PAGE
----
3D Focus: DDD supplied the 3D conversion technology behind the Sharp Actius RD3D and AL3D came out in 2004, and, in 3D terms, that was a millennium ago. How advanced as a company have you got with conversion now.
Jay Wiskerchen: Quite a bit more than the Sharp RD3D! That was version one. We are currently on version 3.5. That had more rudimentary conversion; we did not have as much processing power to use so we could only do so many things with 2D video. As processing power has improved we've got the scope to utilise additional methods using motion vectors, and using more algorithms at the same time to identify and track objects throughout the scene.
3D Focus: Let's talk about yabazam.com now. It was launched some time ago now but how successful has it been so far? Is there a demand for 3D content delivered via the Internet?
Jay Wiskerchen: We successfully launched that mainly targeted towards users of the Acer 3D notebook that came out in 2009. The sales are dependent on how many 3D computer devices are out there so to date that is a minority compared to the number of 3D TVs out there. We've seen a moderate level of sales but we've recognised today that the volume today is in 3D televisions so we very soon want to be porting that over to the television platform so those users can enjoy yabazam.com content on their connected 3D TVs.
3D Focus: Can you reveal more about DDD’s connected 3D TV plans?
Jay Wiskerchen: As you know TV manufacturers would love to see more content out there because that helps drive hardware sales. So we have been approached by a handful of TV manufacturers. We have a great relationship with Samsung and have started creating a Yabazam TV app for the Samsung platform.
3D Focus: What sort of deals do you work towards with 3D content creators/owners?
Jay Wiskerchen: The first thing we do is review the content because right now Yabazam is focused on premium content, not user generated content like you would find on YouTube so assuming the material and 3D looks good, and the quality matches the other content on Yabazam then we sign a content distribution agreement. It's a revenue share, and it's pretty much 50/50.
The majority of our agreements have been exclusive for digital distribution. We mainly require exclusive rights because we have access to bundling that content with millions of consumer devices. If you are going to spend the time and effort bundling that content with all of these devices or dropped in the box with TVs you want to make sure that we are not competing against a bunch of other people trying to sell to the same customer. The content owners we do have exclusive deals benefit from us working harder to get the content bundled on 3D blu-ray discs and maximise the distribution for it.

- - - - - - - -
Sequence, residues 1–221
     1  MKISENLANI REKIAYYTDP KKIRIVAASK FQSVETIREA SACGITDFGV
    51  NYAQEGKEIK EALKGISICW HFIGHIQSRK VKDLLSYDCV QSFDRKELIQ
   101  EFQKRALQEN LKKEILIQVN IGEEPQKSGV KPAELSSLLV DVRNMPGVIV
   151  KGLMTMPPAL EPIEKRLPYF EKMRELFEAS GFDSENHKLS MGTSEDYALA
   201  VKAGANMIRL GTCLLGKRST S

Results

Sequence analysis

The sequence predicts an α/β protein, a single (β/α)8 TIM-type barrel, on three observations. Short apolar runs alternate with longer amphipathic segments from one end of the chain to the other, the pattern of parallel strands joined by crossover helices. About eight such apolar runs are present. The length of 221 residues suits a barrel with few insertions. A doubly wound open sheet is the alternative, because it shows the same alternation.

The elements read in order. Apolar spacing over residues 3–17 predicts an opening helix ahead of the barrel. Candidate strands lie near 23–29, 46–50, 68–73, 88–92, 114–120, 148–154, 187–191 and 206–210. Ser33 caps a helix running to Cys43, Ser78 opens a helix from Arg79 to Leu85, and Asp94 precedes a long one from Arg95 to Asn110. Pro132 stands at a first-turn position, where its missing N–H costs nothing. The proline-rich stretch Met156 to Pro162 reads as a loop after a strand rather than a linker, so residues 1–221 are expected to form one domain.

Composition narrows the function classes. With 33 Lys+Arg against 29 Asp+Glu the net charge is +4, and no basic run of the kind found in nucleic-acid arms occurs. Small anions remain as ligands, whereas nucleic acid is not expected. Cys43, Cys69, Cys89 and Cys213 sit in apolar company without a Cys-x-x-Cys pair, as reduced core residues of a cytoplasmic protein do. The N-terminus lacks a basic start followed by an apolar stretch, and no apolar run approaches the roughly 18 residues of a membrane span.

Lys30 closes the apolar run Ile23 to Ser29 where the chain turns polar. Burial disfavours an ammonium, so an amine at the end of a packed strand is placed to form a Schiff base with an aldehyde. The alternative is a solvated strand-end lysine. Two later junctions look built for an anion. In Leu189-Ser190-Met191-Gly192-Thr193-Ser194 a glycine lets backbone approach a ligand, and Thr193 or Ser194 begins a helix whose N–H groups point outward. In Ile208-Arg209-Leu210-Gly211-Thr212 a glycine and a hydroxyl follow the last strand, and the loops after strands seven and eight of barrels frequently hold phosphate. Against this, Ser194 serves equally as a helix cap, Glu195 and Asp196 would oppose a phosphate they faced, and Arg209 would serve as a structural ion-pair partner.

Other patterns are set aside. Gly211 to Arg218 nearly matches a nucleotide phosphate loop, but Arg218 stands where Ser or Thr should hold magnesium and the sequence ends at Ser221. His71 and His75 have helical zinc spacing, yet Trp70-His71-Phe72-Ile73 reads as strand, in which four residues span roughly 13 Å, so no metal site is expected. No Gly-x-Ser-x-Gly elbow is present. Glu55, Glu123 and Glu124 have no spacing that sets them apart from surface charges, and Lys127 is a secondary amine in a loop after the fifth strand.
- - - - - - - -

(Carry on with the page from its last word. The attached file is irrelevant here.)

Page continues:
3D Focus: Is that what you have done with Safety Geeks 3D? Is this the first time you've taken Yabazam 3D content and sold it on Blu-ray in traditional retail outlets?
Jay Wiskerchen: That's right. Safety Geeks will be the first 3D Blu-ray disc that we officially publish. We took our time. Last year we saw the first tools that came out for 3D authoring, 3D encoding; that's when the first official titles got in the retail market, and then earlier this year we started working not the authoring tools and looking at the titles that we want to put out there.
Safety Geeks 3D is a great niche because it is more like independent television, it's not like a Hollywood 3D movie that's coming out on discs so we thought it would be a great title to first put out.
3D Focus: What is your TriDef 3D mobile Android and what is your relationship with AMD?
The automatic 2D to 3D conversion software for the PC platform. The TriDef technology that is on the Android platform allows you to do automatic 2D to 3D photo conversion, video conversion and it is also working with some games right now.
3D Focus: Do you see you business as needing to be internationally focused to survive?
Up until maybe six months ago we were very focused in getting content that we could sell in north-America. It was all English speaking shorts and movies. Yet as the rest of the world has kind of caught up with sales of 3D televisions we are looking at providing more local content whether that's for the Korean or China market. For us Yabazam definitely has to be international – to be able to accept international payments and also to have localised content for those different regions.